Growing up in Cape Town, South Africa, Vaneshran Arumugam studied to be a microbiologist. He excelled at sciences, but his heart wasn’t in it. What really captured his imagination was the theater.
That was in the 1980s and 1990s, when apartheid was still in force and there were few, if any, options open to a black, stage-struck adolescent. But with the support of his family, Arumugam persevered. Today, he is ranked among South Africa’s most celebrated actors, as well as a playwright, teacher, director and social activist.
This spring, some 40 BMCC English and Theater majors attended a master class taught by Arumugam in “Literature in Performance” at BMCC’s Tribeca Performing Arts Center. Arumugam, who has performed widely on the stage, in movies and on TV since 1996, is currently in New York as a Fulbright Scholar-in-Residence at Brooklyn’s St. Francis College.
Bridging the “you and me” gap
“It’s through the arts that we are able to fulfill our potential to create change, not just on a political level, but in our ability to evolve and transform ourselves and others,” Arumugam told the students. “You gain a kind of wealth through the arts—and through acting in particular—that you might struggle to achieve in other fields.”
Acting, he said, “bridges the gap between the ‘you and the me.’ And, of course, the dialogue between ‘you and me’ is the essence of all drama.”
In his native country, Arumugam has supported a number of key social initiatives, including People Opposing Women Abuse (POWA), Masimanyane Women’s Support Centre, and The Men’s March. He is also a founding member of The Turning Point Foundation, which provides a platform for creating access and training in the performing arts to create social change and justice.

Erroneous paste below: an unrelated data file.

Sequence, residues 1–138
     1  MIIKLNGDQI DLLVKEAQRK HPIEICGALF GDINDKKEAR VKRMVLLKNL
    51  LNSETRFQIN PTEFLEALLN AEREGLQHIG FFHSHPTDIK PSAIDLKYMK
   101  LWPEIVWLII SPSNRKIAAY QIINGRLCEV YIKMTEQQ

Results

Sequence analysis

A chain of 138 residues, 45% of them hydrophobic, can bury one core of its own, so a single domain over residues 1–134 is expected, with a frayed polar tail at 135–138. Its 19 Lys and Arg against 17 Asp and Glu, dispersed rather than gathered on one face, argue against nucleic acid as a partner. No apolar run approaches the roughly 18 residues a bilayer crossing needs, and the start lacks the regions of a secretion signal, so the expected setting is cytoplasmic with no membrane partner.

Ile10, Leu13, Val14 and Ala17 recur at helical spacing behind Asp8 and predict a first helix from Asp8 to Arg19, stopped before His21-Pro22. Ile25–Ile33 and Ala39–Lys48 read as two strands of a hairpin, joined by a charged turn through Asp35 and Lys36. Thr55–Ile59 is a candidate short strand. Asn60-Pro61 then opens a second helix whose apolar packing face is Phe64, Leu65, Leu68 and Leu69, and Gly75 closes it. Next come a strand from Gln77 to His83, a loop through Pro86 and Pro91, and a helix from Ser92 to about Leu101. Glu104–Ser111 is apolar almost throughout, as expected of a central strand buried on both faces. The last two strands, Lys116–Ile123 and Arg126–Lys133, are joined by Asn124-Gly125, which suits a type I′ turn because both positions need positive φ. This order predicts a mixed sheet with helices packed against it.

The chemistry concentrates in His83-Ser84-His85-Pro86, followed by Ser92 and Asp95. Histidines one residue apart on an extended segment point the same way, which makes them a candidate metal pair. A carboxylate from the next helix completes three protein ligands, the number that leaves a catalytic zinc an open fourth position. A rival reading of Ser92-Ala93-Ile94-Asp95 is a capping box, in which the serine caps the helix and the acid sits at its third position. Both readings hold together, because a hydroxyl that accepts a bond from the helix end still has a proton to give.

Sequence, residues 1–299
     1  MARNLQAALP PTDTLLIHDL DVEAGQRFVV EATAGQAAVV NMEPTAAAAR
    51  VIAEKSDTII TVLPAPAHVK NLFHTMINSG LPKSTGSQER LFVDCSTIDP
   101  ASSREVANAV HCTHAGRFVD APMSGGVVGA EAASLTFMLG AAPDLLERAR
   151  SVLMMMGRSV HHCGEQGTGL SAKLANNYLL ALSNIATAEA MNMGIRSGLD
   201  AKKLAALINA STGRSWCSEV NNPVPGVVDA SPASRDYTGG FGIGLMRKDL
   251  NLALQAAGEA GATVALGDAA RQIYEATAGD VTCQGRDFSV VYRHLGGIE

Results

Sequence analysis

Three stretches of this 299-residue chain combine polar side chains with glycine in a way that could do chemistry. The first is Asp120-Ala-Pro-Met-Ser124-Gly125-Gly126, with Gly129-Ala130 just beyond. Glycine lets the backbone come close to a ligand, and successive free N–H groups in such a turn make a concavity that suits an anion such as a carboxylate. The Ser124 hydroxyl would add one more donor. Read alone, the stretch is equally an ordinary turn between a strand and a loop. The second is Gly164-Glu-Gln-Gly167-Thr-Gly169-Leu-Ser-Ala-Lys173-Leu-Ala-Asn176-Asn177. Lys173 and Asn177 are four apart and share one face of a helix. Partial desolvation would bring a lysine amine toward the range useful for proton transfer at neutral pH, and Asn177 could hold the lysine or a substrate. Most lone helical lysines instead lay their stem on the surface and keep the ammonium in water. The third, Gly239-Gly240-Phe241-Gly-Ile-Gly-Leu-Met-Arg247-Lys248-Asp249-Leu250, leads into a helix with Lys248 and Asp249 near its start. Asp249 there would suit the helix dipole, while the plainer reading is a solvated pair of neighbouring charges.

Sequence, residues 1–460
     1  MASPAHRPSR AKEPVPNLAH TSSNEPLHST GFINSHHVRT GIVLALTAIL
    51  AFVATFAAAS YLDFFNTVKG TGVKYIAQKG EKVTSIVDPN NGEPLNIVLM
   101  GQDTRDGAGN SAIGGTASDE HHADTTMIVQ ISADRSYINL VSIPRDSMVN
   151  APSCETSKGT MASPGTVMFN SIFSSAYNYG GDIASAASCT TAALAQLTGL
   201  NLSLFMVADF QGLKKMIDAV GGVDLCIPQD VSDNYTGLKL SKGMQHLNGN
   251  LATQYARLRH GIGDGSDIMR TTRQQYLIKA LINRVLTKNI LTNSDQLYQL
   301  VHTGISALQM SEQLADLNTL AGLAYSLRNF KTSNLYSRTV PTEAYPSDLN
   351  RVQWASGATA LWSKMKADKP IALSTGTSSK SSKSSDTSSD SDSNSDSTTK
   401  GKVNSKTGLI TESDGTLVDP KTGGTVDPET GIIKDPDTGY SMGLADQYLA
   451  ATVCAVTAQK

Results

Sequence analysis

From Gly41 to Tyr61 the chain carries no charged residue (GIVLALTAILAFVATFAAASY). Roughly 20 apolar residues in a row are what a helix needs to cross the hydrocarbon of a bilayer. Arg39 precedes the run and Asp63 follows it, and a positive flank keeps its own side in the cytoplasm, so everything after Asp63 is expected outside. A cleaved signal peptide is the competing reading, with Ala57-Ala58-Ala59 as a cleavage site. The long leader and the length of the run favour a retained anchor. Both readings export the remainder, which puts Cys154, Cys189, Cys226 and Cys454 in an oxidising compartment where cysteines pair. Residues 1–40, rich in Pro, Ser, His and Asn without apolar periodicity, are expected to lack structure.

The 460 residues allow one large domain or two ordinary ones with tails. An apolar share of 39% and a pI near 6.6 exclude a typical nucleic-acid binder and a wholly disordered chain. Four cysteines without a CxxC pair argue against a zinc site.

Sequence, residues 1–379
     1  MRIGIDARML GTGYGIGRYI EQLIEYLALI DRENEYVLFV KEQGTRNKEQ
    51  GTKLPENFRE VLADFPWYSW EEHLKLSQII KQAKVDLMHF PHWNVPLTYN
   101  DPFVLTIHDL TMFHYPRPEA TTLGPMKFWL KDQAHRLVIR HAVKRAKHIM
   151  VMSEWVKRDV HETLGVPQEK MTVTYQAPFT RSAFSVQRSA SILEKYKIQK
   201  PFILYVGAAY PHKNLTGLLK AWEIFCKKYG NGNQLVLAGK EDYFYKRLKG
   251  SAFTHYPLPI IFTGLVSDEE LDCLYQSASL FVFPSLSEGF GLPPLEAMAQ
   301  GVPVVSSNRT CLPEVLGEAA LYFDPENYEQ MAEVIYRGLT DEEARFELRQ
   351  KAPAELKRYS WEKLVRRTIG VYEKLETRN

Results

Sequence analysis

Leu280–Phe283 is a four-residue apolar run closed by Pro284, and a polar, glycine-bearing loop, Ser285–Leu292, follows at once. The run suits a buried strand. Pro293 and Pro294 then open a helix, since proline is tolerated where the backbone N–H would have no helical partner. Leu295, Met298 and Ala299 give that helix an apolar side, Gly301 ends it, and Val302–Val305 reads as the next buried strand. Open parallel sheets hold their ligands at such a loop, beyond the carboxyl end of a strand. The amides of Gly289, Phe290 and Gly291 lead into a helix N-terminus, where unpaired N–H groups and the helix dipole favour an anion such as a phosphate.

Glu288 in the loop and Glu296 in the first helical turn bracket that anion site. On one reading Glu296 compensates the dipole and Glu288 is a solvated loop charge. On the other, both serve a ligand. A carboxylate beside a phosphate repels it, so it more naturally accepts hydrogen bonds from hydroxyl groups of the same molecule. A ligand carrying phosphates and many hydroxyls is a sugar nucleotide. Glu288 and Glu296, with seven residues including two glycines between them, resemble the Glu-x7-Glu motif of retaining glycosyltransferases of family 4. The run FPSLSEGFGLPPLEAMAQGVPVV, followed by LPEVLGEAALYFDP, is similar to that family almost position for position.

As part of his master class, Arumugam led students through acting exercises, often incorporating scenes from Shakespeare.
“I found it very helpful to see what actors experience on stage, on the other side of the camera,” says Dan Torres, a video arts and technology major. “I was also interested to learn that Mr. Arumugam is a musician as I am—I play saxophone. On the stage, I had the opportunity to use my words instead of my saxophone—and get dragged out of my (comfort) box. I really enjoyed it.”
Shrinking the world
Arumugam’s visit was co-produced by Professors Elizabeth Primamore (Department of English), and Katherine Kavanagh (Speech, Communication and Theatre Arts). “It was thrilling to reach across academic disciplines to put this event together,” Primamore says. “One of the most moving aspects of Mr. Arumugam’s presentation was the idea that the theater provides a global connection and serves to make the world smaller. Actors speak a common language wherever in the world they come from.”
Adds Kavanagh, “Just as literature interprets the world for us, Mr. Arumugam’s master class enabled students to re-interpret it—and to become enlivened by the experience.”
For Arumugam, who has plied his trade in South Africa over the past two decades, acting is, as much as anything else, about advancing the cause of social justice. “In South Africa, the theatre has had a powerful impact on changing people’s minds, and also in concretizing the idea that change needed to happen,” he told the students.
“The theatre has been shown to be a powerful force in bringing people together, in disseminating ideas and ideologies and an creating space for people to disagree.”